- This council scene, as well as the gathering in the episode before this one, is the first time that Sansa Stark is shown as being an active "political player" (in the "game of thrones") and making political arguments on her own that affect large-scale strategies. In the preceding episode, she argued for giving the lands of the Karstarks and Umbers to new houses while Jon argued for letting the children of the Karstark and Umbers retain their family lands as they had no part in their fathers' crimes. In this episode, Sansa makes an argument against Jon leaving for Dragonstone because Daenerys's father killed their grandfather, while other Starks who have gone south face perilous situations. Jon accepts the mission as a risk and does not want to leave the North, but he stands by his decision to go to Dragonstone as it is their best chance to get the weapons and allies needed to defend the North against the Long Night and he is the only one present who has experienced the threat they are all facing. Jon appoints Sansa as his regent, giving charge of the North to Sansa while he is gone, and Sansa accepts the responsibility. This marks the first time Sansa is officially in charge of anything politically.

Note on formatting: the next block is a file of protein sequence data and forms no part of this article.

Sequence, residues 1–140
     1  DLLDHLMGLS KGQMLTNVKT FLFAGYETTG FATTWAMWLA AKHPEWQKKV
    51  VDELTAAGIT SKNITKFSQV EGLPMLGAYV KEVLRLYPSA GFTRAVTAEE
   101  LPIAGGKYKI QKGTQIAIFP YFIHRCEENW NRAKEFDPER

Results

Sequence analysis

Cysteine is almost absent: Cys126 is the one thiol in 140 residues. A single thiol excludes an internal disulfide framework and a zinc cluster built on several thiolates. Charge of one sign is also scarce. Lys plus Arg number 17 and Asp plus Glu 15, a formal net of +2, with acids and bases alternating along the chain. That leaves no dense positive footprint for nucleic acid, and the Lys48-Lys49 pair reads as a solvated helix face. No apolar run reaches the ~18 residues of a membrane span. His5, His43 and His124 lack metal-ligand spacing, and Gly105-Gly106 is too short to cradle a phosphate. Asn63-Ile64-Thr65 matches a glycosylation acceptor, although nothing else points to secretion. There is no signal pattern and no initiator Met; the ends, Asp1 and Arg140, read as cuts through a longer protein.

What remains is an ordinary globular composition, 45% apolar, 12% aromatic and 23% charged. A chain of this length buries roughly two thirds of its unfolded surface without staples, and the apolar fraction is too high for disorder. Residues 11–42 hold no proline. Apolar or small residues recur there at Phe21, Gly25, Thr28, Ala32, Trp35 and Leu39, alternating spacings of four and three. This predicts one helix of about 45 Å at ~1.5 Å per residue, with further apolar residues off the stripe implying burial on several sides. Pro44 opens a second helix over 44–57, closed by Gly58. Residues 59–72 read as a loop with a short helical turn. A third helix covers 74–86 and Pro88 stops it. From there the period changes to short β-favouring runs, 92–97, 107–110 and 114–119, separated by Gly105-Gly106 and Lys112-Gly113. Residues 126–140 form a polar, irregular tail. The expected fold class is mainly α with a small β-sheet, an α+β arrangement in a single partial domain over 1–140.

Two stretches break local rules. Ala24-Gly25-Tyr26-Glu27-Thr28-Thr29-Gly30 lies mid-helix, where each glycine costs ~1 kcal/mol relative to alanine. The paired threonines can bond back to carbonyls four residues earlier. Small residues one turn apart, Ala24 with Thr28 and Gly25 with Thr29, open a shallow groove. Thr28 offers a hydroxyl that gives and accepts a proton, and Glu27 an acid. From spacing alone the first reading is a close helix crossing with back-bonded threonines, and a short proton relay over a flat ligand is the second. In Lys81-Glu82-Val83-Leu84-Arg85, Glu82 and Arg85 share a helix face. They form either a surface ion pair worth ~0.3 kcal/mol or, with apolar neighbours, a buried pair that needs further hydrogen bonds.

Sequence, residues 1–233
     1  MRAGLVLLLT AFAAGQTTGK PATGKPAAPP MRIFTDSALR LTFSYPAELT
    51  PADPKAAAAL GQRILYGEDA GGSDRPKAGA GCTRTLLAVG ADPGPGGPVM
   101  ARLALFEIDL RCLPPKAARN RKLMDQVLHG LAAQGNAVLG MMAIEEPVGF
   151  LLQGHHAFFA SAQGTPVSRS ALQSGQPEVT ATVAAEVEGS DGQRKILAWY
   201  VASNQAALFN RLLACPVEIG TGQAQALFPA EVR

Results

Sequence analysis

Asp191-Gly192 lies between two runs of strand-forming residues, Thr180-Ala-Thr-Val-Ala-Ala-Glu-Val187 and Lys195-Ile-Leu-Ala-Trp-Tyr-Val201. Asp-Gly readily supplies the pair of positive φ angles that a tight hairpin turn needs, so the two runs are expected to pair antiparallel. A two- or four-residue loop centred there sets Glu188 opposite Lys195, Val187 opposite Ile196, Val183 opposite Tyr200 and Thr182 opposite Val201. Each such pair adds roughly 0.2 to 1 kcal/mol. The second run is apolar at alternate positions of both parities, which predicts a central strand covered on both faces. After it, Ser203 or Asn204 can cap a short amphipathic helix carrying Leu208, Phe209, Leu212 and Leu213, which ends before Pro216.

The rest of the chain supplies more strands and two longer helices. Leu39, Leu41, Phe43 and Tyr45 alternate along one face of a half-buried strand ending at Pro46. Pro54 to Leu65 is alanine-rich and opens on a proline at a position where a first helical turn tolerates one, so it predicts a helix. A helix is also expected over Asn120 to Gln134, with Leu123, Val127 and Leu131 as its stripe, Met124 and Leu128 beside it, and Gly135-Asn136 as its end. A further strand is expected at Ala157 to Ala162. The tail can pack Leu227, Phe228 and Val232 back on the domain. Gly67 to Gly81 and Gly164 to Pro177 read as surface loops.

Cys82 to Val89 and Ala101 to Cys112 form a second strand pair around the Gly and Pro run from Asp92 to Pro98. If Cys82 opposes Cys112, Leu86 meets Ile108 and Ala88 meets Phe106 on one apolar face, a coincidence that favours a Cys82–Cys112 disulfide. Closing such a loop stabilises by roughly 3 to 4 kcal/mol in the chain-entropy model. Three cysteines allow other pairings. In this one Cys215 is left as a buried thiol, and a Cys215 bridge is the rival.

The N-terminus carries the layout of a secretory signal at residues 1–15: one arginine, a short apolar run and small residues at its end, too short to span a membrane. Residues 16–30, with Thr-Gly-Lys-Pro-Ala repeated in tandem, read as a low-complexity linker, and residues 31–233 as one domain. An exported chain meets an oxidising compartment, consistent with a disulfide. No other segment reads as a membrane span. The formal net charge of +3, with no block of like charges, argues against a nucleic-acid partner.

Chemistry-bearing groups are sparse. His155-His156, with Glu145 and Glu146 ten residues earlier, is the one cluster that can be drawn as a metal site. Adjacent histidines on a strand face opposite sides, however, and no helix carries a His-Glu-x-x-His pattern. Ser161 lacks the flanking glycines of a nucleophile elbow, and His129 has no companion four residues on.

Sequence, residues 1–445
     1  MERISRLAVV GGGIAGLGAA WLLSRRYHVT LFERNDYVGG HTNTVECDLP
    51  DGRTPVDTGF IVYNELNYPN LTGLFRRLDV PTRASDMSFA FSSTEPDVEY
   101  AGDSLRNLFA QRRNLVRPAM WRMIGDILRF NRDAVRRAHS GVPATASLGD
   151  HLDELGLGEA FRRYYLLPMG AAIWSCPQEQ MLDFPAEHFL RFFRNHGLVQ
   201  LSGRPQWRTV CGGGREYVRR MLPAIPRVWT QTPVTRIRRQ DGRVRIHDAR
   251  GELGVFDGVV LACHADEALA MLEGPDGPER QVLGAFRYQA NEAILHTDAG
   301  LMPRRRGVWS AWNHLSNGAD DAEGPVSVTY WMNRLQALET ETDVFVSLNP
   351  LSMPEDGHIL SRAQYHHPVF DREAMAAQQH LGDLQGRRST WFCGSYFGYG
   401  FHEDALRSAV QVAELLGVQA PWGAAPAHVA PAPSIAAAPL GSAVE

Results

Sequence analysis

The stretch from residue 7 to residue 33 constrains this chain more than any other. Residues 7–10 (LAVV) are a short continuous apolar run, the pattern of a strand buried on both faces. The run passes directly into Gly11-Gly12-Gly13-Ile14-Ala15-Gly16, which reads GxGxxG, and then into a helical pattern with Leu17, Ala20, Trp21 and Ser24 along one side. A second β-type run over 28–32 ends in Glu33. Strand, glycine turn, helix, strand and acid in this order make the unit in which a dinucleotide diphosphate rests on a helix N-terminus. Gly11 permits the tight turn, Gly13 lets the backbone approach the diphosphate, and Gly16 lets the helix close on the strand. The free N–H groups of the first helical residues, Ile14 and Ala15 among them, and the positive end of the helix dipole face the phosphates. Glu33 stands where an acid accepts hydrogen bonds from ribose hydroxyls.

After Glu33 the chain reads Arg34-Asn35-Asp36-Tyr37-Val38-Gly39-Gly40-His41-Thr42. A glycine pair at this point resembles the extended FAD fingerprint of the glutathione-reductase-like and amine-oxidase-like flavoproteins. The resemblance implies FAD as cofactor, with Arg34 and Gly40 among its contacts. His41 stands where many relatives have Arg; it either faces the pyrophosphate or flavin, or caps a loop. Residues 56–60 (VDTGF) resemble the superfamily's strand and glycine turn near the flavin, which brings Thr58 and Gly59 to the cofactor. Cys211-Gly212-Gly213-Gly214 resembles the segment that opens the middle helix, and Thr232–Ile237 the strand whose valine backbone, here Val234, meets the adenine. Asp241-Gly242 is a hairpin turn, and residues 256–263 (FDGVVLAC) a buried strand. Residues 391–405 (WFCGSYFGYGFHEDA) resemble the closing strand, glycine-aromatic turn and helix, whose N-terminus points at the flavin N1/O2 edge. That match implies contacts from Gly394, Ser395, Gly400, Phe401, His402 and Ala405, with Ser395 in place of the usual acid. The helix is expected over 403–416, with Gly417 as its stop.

- It is unclear why, if Sansa has grown to distrust Littlefinger, she doesn't simply tell the Vale lords that he actually murdered her aunt Lysa Arryn. It's possible she fears that Littlefinger still has more control over her cousin Sweetrobin Arryn, and there are no other witnesses, so it might risk her alliance with the Vale lords - for now. Sansa could be using Petyr Baelish's tactics of building a power base and waiting for the right time to challenge Baelish. Sansa knows that she needs the support of the Northern and the Vale lords before making accusations.